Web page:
Skill Level: Any Skill Level

Familiarity with REST web services and Json serialization required.

This recipe shows how to integrate process data from the OSIsoft PI data historian with the Watson platform by using PI Web API and WebSphere Liberty on Bluemix.


  • OSIsoft PI Server
  • OSIsoft PI Web API
  • Eclipse Java EE
  • IBM Cloud Foundry Tools for Eclipse


  1. Check Authentication Methods for PI Web API

    You will need an installation of PI Web API 2016 R2 to provide access to your PI and AF Server data.  PI Web API supports Kerberos, Basic, and Anonymous authentication.  Since we will be using a Liberty WebSphere service hosted in Bluemix, you should check with your PI administrator to ensure the AuthenticationMethods configuration item includes Basic as one of the supported methods.  Obtain a user name and password with read access (minimally).

  2. Create a Liberty Websphere Web Service

    The web service will act as a client to PI Web API to obtain data from the PI system.  Once it is in the Watson environment, you can use any Watson service such as MQTT to move data into Watson analytical or cognitive tools.  You can also, as we will demonstrate shortly, convert the data returned by PI Web API into native objects in Liberty and work on them in code.

    There are several ways to start a Liberty profile web service project.  For the purposes of this recipe, we will use the Liberty App Accelerator.  Make the following selections:

    1. Technologies: REST
    2. Deploy: Deploy to Bluemix (if you select Local, you can modify your POM file later to deploy to Bluemix)
    3. Download: Provide a name for your service.  Take note of the URL for the endpoint

    In step 3, click “Download Now” to generate the starter code and download a compressed file. Expand the compressed file and open it in Java Eclipse EE. ¬†The generated code consists of several projects. ¬†The source for the REST interface is found in the myProject-application project at src/main/java/application/rest/

  3. Create REST Methods

    The web service will obtain PI data in response to calls to its REST interface, then perform some action on the data.  For the purposes of the recipe, we will create methods that mimic PI Web API methods so that the parameters passed into the service are the same as those needed to access PI.  An actual web service obtaining data for analytics will need to translate the parameters needed by its use cases into parameters for PI Web API calls.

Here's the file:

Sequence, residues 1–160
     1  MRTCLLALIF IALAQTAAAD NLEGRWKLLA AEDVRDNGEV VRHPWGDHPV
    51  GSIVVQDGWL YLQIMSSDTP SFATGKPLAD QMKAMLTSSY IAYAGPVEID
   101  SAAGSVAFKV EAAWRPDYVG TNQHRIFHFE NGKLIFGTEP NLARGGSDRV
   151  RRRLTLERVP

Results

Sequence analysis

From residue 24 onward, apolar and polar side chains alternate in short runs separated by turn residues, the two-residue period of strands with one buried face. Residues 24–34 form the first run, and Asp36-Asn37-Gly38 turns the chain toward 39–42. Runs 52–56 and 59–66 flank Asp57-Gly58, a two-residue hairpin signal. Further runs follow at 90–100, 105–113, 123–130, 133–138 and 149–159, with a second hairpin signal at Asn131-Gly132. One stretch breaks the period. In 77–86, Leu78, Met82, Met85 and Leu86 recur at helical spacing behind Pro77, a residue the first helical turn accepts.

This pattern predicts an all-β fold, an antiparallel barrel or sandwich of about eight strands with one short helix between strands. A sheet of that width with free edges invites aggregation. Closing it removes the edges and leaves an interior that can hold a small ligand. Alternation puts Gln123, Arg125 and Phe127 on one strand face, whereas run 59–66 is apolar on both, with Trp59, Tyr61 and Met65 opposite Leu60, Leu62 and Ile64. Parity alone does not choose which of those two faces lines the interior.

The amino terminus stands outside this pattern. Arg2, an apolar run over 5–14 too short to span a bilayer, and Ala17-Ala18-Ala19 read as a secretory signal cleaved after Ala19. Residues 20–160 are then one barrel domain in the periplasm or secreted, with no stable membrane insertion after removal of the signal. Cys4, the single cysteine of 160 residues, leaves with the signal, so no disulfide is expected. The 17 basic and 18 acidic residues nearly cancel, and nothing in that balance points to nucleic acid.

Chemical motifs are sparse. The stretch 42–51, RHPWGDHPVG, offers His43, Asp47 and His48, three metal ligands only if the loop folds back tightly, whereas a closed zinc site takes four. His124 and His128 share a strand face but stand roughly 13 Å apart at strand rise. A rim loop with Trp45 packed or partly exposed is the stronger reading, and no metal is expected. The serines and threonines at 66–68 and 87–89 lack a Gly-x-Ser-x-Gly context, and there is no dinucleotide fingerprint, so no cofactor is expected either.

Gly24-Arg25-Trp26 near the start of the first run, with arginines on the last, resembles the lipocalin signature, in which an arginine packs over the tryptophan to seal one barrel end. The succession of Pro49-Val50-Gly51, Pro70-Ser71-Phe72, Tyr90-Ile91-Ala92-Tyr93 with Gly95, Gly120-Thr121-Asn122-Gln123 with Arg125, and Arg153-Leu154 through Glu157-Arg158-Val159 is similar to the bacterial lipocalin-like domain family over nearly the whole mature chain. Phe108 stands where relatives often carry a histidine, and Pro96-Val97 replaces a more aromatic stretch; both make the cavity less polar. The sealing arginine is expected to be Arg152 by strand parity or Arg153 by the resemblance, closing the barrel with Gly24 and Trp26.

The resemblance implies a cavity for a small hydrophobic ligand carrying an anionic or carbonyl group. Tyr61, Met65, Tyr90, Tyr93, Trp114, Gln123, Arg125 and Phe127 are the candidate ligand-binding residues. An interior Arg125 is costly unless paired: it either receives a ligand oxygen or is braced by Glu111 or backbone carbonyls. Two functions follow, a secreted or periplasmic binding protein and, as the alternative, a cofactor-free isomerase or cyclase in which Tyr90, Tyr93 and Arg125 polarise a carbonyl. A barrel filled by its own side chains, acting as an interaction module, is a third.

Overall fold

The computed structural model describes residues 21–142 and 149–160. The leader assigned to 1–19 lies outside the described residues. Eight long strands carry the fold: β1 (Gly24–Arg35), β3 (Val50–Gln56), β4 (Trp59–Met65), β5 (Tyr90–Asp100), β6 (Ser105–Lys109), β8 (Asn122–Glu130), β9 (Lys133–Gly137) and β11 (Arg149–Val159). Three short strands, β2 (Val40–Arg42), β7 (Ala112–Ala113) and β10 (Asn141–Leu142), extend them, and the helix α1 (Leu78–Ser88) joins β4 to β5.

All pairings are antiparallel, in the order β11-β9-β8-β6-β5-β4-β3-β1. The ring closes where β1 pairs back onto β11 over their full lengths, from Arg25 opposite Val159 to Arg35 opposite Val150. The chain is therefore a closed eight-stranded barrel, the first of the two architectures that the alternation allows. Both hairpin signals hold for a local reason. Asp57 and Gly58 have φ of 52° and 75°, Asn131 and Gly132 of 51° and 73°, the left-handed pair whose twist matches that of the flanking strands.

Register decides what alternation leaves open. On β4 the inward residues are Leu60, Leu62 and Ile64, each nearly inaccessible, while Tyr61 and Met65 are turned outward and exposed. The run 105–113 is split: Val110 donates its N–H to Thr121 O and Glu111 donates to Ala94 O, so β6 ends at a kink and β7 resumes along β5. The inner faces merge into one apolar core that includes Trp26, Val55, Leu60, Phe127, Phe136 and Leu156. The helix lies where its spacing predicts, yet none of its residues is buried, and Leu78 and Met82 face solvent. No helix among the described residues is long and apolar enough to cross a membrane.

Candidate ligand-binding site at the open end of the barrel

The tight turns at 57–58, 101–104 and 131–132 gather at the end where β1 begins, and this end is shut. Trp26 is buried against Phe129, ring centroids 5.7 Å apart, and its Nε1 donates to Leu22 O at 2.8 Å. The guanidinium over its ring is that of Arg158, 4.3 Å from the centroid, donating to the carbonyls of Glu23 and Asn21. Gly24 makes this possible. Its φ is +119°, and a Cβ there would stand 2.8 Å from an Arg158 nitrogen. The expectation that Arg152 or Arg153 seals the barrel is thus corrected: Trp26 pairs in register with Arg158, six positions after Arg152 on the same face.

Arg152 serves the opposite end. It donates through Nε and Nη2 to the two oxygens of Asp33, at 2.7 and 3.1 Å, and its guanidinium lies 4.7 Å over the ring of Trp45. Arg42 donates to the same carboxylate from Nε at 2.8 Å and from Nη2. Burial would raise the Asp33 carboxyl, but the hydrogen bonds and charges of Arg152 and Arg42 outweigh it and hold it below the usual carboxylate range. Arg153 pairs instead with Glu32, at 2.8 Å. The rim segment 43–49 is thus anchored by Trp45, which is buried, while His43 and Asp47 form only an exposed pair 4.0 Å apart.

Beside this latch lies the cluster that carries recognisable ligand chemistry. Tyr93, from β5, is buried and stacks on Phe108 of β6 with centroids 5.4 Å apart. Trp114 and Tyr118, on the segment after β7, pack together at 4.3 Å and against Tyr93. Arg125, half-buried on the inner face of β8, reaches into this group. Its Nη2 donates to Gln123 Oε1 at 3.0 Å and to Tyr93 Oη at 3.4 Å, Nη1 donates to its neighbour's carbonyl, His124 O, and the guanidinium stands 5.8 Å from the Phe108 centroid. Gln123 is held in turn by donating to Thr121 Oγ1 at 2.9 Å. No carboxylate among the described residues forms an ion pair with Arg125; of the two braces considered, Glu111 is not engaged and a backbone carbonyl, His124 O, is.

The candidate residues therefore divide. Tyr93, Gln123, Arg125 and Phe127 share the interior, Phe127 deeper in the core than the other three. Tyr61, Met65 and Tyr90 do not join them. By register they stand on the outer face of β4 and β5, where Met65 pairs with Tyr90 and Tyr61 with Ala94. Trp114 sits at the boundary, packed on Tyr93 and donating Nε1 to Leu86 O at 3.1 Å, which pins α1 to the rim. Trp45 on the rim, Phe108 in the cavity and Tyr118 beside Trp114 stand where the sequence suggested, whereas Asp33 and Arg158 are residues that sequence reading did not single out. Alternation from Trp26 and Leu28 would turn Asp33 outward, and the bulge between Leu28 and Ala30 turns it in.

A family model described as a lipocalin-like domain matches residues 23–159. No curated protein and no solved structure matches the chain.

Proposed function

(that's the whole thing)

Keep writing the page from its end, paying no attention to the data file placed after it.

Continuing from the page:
The documentation for PI Web API details the controllers available, the types of PI data served, and the methods of each controller.

    A common PI Web API call involves plot values.  This call requires a start time, end time, and number of intervals.  The PI Web API call for plot values is a REST GET.  The method signature in Liberty looks like this:

    public String PlotValues(@QueryParam (“startTime”) String start, @QueryParam(“endTime”) String end, @QueryParam(“intervals”) String intervals)

    @GET denotes the HTTP verb. @Path is the relative path from the REST endpoint for this method.  @QueryParam flags method parameters as REST parameters in the web service.  Thus, for a server with a REST endpoint of /myLibertyApp/rest, a call for the last eight hours of plot values would be a GET with the*-8H&endTime=*&intervals=10.



  4. Make Calls to PI Web API

    The parameters are used in conjunction with a Web ID, which is the immutable label PI Web API uses to represent a PI tag on a specific server.  Web IDs may be found by navigating through the PI Web API endpoint to a particular resource or through the search interface of PI Web API.  For this example, we have identified the tag producing the time series data we want and have hard coded the Web ID. Since the code for all PI Web API GET requests will differ only in the URL, we have created a private helper method, QueryPI, that takes the fully formed URL.  Our plotvalues call requires that we insert the parameter values passed to the Liberty web service into the known URL:

    String request = String.format(“”, start, end, intervals);

    Replace with the name of your publically facing PI Web API server.  The known endpoint is piwebapi, and PI tag data is served by the streams controller. The Web ID for our tag on the desired PI server is P0W6Wlk0_Utku9vWTvxg45oAAwAAAAUElTUlYxXENEVDE1OA, and plot indicates plot value as the desired data type.

    From here, we simply need to make HTTP calls with Basic authentication using a suitable client class in Java.  We'll use the class.  Basic authentication requires that we pass the user name and password in a Base64 encoded header called Authorization:

    String authVal = “your_user” + “:” + “your_password!”;
    String authEncoded = java.util.Base64.getEncoder().encodeToString(authVal.getBytes());

    Note the colon between the value of the user name and the value of the password.  Now setup and execute the call:

        URL dataEndpt = new URL(fullRequest);